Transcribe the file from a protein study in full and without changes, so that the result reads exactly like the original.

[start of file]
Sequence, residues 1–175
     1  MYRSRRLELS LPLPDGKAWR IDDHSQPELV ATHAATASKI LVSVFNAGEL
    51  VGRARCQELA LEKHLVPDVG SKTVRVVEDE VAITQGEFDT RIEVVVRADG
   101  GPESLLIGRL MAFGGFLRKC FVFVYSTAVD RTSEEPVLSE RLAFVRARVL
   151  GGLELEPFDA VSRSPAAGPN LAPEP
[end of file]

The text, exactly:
Sequence, residues 1–175
     1  MYRSRRLELS LPLPDGKAWR IDDHSQPELV ATHAATASKI LVSVFNAGEL
    51  VGRARCQELA LEKHLVPDVG SKTVRVVEDE VAITQGEFDT RIEVVVRADG
   101  GPESLLIGRL MAFGGFLRKC FVFVYSTAVD RTSEEPVLSE RLAFVRARVL
   151  GGLELEPFDA VSRSPAAGPN LAPEP